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Einhorn said his firm has been talking to Apple over the past several months about the creation of the new share class. Apple, he said, rejected the idea in September. The company doesn’t currently issue preferred stock. At its annual meeting on Feb. 27, it plans to ask shareholders to approve a measure that would force the board to get shareholder approval before issuing preferred shares.

Apple said in its proxy statement filed with the Securities and Exchange Commission that its board does not plan to issue preferred stock in the future and believes it is “appropriate” to eliminate the possibility from its charter.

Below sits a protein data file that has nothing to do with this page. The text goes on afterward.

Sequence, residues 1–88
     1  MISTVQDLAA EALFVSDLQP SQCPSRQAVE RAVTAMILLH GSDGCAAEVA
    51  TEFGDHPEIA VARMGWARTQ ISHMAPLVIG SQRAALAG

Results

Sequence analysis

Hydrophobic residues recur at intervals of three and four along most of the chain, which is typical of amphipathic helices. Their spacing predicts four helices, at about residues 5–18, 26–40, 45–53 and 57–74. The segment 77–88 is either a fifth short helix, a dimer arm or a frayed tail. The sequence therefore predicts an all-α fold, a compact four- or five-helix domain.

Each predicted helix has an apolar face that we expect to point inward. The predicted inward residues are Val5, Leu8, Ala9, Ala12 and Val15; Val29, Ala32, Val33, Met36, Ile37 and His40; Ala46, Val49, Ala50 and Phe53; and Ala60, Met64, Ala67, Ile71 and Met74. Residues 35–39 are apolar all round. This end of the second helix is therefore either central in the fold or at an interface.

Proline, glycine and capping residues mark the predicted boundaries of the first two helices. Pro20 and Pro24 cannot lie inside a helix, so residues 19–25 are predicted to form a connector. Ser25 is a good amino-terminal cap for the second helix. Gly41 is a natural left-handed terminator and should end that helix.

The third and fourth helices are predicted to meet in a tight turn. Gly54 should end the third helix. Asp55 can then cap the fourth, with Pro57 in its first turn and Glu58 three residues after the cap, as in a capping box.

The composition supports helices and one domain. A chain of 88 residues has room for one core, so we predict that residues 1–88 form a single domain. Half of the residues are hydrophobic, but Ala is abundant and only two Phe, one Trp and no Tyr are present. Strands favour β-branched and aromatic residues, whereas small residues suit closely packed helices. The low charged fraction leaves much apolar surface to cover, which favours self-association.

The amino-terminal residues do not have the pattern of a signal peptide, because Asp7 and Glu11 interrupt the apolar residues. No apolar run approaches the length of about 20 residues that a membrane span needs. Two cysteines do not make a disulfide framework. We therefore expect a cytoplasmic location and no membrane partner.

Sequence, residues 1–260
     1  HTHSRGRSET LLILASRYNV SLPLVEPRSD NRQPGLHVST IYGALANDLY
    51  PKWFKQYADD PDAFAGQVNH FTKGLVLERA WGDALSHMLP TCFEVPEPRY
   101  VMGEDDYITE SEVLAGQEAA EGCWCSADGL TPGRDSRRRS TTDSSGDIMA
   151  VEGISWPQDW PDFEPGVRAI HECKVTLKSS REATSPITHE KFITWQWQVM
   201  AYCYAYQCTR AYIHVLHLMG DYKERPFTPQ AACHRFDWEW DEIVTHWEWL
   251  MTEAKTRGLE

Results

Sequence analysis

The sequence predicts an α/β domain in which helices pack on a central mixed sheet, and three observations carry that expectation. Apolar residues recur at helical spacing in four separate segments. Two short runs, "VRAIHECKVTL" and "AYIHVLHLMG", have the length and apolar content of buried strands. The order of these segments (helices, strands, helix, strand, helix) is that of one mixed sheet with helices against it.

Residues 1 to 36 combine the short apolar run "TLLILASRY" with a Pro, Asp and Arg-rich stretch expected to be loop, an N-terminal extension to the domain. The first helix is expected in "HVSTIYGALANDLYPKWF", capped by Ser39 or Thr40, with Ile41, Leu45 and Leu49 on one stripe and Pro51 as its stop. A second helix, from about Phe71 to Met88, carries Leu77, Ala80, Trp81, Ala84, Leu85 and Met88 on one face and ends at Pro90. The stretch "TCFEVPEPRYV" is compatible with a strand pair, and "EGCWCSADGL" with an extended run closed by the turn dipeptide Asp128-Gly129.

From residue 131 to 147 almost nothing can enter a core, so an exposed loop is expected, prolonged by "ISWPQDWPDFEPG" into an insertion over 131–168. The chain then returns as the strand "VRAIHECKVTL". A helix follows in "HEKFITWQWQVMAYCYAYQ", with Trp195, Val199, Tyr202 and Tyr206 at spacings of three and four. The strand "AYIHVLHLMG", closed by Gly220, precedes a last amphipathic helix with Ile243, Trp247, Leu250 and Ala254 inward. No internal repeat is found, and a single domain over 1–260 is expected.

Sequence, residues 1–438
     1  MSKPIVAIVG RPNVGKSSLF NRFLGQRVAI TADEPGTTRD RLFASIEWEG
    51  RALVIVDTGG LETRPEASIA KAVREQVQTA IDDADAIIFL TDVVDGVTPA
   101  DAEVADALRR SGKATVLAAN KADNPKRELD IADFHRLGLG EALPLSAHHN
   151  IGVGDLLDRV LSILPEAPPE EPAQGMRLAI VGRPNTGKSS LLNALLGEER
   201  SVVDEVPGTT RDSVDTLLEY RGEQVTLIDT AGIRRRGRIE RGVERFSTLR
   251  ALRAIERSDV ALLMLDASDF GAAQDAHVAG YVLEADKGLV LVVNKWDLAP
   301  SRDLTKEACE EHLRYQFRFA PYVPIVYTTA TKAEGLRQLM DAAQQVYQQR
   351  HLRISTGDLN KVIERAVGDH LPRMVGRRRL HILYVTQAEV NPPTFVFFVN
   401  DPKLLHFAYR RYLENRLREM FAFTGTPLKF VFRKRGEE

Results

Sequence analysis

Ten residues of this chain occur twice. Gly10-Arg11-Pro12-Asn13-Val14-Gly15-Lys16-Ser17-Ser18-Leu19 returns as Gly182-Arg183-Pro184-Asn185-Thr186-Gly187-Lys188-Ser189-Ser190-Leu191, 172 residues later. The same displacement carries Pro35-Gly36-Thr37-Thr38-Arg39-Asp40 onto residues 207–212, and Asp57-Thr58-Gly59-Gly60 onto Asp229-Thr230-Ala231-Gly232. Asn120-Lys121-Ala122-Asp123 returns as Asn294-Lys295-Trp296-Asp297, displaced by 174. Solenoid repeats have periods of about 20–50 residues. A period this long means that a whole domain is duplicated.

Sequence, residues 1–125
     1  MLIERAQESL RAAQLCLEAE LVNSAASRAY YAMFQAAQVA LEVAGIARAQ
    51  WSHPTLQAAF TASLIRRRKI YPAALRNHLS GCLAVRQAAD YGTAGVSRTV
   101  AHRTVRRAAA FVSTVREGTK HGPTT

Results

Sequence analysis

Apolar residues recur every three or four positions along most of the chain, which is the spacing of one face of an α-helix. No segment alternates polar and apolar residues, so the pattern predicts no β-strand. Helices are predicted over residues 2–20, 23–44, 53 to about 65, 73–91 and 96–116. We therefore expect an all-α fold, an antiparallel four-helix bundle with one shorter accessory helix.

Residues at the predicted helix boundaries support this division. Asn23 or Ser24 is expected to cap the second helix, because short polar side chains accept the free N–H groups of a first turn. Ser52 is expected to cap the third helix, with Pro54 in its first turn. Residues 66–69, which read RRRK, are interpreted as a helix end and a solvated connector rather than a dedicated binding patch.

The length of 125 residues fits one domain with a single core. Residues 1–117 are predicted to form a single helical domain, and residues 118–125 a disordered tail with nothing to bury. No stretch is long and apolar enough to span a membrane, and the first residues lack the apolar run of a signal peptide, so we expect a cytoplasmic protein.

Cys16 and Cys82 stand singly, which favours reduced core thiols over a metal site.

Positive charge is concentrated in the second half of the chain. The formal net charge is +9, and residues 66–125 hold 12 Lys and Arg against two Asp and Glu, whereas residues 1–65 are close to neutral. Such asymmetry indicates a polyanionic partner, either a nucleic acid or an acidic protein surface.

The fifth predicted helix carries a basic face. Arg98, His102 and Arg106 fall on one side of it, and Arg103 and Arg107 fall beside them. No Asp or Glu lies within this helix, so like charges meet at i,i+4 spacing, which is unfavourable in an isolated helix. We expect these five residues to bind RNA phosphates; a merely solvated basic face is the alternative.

Greenlight urges Apple shareholders to vote against the proposal. In the lawsuit, it claims that the proposal bundles three distinct proposals that the SEC requires to be separated so shareholders can vote on each one.

In its statement, Apple said that even if the proposal passes, it could still adopt Greenlight’s concept and issue preferred stock.

Apple has at least one major shareholder on its side. The California Public Employees’ Retirement System, the country’s largest pension fund, said in an SEC filing Monday that it will vote for Apple’s proposal, which would also let shareholders vote against directors. CalPERS owns 2.7 million Apple shares, nearly three times as many as Greenlight.